As a monk, I bring a strong commitment, along with the renunciate flavor, to the classic Buddhist teachings. I play with ideas, with humor and a current way of expressing the teachings, but I don't dilute them.
Sitting in a field of fifty to eighty people really starts my mind sparking. Since I don't prepare my talks ahead of time, I find myself listening to what I'm saying along with everyone else. This leaves a lot of room for the Dhamma to come up. Just having eighty people listening to me is enough to engage me, stimulate me, and create a nice flow of energy. The actual process of teaching evokes ideas that even I did not realize were being held somewhere in my mind.
Different teaching situations offer their own unique value. In retreat, you are able to build a cohesive and comprehensive body of the teachings. When people are not on retreat and come for one session, it opens a different window. They are more spontaneous and I'm given the chance to contact them in ways that are closer to their "daily-life mind." This brings up surprises and interesting opportunities for me to learn even more.
I'm continually struck by how important it is to establish a foundation of morality, commitment, and a sense of personal values for the Vipassana teachings to rest upon. Personal values have to be more than ideas. They have to actually work for us, to be genuinely felt in our lives. We can't bluff our way into insight. The investigative path is an intimate experience that empowers our individuality in a way that is not egocentric. Vipassana encourages transpersonal individuality rather than ego enhancement. It allow for a spacious authenticity to replace a defended personality.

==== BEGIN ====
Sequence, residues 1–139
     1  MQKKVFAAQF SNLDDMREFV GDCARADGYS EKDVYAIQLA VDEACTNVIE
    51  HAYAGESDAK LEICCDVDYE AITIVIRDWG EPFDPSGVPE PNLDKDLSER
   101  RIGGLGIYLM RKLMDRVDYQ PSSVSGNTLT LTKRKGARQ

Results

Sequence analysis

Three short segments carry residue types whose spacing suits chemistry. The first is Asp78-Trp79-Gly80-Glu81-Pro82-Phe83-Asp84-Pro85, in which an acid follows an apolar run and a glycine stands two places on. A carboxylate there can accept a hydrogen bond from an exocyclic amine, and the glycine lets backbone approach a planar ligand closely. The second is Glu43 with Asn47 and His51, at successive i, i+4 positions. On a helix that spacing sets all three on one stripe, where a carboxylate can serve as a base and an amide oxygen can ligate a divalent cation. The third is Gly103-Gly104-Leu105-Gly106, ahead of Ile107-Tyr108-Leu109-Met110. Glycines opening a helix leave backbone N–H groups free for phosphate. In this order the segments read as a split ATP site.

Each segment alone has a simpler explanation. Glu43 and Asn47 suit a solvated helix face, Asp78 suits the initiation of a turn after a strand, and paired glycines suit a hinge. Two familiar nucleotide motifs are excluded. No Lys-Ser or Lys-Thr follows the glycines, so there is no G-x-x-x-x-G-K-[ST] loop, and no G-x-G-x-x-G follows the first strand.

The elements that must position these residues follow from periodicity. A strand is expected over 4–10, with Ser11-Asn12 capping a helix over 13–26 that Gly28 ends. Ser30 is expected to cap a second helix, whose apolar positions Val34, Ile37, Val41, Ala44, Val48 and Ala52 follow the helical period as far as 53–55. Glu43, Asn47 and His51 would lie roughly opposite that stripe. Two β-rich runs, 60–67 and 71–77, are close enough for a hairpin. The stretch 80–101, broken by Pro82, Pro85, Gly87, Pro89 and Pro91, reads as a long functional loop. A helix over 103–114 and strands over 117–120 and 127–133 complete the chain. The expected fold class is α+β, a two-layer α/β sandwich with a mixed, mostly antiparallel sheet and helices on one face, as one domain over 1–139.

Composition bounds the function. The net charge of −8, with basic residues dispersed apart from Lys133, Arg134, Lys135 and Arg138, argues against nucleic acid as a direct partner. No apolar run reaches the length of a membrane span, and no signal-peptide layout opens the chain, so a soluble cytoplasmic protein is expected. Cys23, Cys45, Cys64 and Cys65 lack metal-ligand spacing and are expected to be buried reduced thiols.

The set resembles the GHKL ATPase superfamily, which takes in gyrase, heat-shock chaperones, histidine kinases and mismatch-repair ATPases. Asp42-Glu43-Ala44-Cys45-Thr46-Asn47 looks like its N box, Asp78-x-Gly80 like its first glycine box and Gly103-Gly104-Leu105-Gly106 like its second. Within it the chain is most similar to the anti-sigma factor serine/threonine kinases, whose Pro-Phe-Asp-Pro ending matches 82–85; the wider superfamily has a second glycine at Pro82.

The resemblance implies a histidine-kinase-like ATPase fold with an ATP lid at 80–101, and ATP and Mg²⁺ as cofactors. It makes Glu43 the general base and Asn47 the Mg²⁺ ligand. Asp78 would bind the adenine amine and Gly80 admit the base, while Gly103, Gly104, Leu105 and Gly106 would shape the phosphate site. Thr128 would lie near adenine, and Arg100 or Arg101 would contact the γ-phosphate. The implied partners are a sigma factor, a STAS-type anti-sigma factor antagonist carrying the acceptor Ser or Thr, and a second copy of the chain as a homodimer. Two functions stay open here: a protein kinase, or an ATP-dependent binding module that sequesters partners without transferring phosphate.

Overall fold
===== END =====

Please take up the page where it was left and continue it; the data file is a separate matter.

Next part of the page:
Adjusting to the external space, getting comfortable in yourself, find the place internally where you can be okay with what's happening externally and internally. Focus on this and make much of it, experiencing the body's energy flows.
Ajahn Sucitto leaves the group with four reference points to continue relating to as we leave retreat: relating to embodiment, to people, to earth and to the sacred. Themes of pausing, subjectivity and respect run through.
An automatic quality can take over as we practice. It happens when we retain the past: I am this, I had this experience, I want to have another experience… Instead we can arise and awaken into this body even when it’s not so comfortable and bright. Receive everything as a gift, as something new. Access what’s beautiful now.